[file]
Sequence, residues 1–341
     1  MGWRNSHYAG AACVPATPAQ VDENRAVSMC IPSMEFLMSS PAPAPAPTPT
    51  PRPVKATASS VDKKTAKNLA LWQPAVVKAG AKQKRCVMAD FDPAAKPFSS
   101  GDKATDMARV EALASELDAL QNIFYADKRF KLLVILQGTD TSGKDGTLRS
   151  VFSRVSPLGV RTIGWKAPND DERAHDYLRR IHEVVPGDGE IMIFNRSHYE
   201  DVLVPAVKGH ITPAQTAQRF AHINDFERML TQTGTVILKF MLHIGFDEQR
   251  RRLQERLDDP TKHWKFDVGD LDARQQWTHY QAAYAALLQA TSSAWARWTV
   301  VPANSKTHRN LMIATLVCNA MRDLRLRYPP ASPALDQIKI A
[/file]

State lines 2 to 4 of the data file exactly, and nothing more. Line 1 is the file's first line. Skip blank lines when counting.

     1  MGWRNSHYAG AACVPATPAQ VDENRAVSMC IPSMEFLMSS PAPAPAPTPT
    51  PRPVKATASS VDKKTAKNLA LWQPAVVKAG AKQKRCVMAD FDPAAKPFSS
   101  GDKATDMARV EALASELDAL QNIFYADKRF KLLVILQGTD TSGKDGTLRS